Internet cookies are as old as the world wide web itself, dating back to the early 1990s. What are they? What do they do? Are they a security risk? And most importantly, can you have them with milk? Let’s answer those questions with a quick overview.
What are internet cookies?
Well, they’re not that kind of cookies, so you can’t have them with milk. They’re tiny files of text that allow communication between websites and web browsers. They’re a fundamental part of the internet browsing experience and help websites function properly.
What is their purpose?
Their main purpose is to identify the user and remember various settings for the next time the user visits. For example, if you ask a site to remember your username, that information is stored in a cookie. Online shopping carts are another example of cookies at work. When you save an item to your cart, that item will remain there even if you close the browser so you can continue from where you stopped when you return.
How many types of internet cookies are there?
- Session cookies: are temporary and are deleted when you close a browser.
- Persistent cookies: are long-term cookies that store user preferences, like usernames and language choices.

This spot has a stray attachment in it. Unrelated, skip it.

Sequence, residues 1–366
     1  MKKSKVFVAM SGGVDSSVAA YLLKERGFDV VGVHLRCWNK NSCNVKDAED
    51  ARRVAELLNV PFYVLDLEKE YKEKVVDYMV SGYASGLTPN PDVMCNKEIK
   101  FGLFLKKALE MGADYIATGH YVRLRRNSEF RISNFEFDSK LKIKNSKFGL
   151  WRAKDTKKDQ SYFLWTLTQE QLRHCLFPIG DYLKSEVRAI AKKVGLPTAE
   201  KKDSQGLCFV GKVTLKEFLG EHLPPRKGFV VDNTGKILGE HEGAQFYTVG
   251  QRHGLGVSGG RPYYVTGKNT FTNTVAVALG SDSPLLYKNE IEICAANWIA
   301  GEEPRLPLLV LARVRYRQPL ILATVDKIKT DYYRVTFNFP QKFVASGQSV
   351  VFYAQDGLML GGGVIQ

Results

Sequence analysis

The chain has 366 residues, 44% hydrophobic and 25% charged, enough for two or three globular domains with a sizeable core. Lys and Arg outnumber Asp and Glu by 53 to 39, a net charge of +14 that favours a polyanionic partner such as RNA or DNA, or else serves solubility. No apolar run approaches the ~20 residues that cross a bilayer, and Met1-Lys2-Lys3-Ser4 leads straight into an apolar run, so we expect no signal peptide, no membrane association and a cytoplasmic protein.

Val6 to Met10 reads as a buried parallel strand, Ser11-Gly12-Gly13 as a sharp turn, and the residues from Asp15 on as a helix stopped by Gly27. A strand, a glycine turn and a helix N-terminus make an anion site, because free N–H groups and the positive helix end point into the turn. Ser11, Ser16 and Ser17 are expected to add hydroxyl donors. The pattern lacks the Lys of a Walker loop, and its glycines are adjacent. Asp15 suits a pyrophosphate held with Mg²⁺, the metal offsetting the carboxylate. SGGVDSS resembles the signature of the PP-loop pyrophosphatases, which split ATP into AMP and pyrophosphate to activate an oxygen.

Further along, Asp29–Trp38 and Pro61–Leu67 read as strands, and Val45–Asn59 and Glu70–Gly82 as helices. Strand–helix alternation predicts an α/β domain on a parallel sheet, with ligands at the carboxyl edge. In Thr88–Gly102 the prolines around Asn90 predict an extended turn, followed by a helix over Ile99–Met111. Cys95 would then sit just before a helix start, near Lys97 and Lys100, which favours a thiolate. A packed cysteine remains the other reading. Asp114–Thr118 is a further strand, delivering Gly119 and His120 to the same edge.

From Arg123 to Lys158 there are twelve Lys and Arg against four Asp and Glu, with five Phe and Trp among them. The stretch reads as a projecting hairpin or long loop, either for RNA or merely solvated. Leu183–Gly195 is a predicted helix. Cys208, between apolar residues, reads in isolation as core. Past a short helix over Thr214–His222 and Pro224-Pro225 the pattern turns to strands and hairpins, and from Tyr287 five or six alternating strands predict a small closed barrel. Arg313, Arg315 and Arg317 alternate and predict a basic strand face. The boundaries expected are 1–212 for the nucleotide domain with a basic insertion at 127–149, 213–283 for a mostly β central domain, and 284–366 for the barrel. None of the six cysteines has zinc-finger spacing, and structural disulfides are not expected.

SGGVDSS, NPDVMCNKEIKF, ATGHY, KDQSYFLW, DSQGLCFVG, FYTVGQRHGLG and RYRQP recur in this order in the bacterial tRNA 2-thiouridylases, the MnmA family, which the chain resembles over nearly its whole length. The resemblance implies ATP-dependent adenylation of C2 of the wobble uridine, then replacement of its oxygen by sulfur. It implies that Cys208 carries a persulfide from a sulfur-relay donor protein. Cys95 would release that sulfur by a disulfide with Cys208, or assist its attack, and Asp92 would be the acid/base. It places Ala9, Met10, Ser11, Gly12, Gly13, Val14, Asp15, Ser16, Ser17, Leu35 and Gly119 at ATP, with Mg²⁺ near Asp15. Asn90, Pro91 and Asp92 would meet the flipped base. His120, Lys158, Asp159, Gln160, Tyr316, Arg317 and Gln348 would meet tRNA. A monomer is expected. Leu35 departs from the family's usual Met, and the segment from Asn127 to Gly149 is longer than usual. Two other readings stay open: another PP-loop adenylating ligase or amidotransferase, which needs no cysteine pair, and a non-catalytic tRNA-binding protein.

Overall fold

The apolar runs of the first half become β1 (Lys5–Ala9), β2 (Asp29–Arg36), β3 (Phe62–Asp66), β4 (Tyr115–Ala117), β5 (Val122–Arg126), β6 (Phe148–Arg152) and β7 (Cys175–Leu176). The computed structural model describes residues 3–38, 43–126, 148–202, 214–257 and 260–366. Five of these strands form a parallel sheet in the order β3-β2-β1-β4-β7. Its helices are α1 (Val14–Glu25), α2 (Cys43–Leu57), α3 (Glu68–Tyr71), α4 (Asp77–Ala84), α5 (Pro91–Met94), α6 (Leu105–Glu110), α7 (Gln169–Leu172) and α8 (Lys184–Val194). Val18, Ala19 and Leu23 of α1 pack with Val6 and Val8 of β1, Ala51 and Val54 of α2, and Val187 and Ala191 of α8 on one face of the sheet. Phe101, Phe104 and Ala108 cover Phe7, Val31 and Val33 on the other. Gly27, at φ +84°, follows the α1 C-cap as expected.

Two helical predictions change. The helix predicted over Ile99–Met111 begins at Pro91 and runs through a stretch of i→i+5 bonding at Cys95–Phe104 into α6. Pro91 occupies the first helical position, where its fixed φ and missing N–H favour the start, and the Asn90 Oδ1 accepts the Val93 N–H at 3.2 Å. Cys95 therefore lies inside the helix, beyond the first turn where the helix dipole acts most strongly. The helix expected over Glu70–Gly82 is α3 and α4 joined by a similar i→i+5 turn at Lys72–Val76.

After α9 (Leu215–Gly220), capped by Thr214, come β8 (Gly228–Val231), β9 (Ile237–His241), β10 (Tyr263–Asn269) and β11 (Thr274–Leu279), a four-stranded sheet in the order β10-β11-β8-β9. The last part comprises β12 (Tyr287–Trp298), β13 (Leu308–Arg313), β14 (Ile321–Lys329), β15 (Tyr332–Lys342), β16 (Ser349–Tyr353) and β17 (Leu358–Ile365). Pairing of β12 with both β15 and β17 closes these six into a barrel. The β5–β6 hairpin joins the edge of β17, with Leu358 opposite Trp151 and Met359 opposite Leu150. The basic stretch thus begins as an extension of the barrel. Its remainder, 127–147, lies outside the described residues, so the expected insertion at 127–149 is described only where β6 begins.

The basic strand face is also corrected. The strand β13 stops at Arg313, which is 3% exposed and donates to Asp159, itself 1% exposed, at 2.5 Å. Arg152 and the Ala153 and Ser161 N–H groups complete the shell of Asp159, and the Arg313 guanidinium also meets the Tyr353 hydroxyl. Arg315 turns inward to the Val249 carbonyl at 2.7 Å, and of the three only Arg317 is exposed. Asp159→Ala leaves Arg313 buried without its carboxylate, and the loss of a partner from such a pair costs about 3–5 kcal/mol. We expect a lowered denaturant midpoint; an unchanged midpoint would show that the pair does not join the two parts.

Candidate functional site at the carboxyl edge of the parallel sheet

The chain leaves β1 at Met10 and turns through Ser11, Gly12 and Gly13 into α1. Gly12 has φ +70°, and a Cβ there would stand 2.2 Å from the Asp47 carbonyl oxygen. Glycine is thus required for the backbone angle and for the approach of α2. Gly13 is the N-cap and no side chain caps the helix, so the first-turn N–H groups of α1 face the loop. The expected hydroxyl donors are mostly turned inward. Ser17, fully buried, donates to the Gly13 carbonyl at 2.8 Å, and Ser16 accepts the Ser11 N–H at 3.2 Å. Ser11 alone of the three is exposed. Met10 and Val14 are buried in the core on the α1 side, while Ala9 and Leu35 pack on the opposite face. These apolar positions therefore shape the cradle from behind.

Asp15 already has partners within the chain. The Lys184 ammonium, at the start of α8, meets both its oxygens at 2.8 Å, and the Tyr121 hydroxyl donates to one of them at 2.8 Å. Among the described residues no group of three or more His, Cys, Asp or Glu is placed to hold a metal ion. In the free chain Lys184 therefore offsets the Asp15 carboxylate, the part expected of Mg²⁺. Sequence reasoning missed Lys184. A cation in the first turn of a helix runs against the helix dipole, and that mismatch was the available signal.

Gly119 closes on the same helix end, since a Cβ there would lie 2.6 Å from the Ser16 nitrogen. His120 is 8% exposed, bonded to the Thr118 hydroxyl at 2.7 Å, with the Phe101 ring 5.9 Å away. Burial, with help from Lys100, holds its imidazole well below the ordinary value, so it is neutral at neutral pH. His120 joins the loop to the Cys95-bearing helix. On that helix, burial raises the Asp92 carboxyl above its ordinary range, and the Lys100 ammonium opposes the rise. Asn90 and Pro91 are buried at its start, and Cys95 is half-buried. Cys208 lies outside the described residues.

- Third-party cookies: are data-tracking cookies that keep user activity for targeted advertising and marketing purposes.
Where are internet cookies stored?
Most cookies are stored on the local hard drive of your computer. The web browser creates a folder or files it references whenever you revisit a website. Some browsers make multiple cookie files, while others store one file for all cookies.
Are internet cookies a security threat?
Cookies themselves are harmless. However, attackers can find vulnerable websites and exploit them to steal or manipulate cookies. There are also privacy concerns regarding internet habits. Third-party cookies store and track various user data, which is how you see targeted advertisements for products and services.
How can one safely navigate internet cookies?
- Never allow websites to store your password. The risk of doing this far outweighs the convenience.
- Be selective about which website’s cookies you accept. The best option is only to allow cookies for functional purposes, a feature some sites now have.
- To avoid being offered cookies, browse in incognito mode. Incognito mode blocks all cookies.
- Occasionally delete cookies. In the security and privacy settings of the browser, you can ask it to clear the cache and delete cookies.
- Keep your browser updated. Consider enabling automatic updates on personal devices so you never miss a vital security patch. On work devices, always follow policies for when and how to apply updates.
REMEMBER: The key to safely navigating internet cookies is to be cautious and remember the rules above. Do these things, and you’ll be safe.
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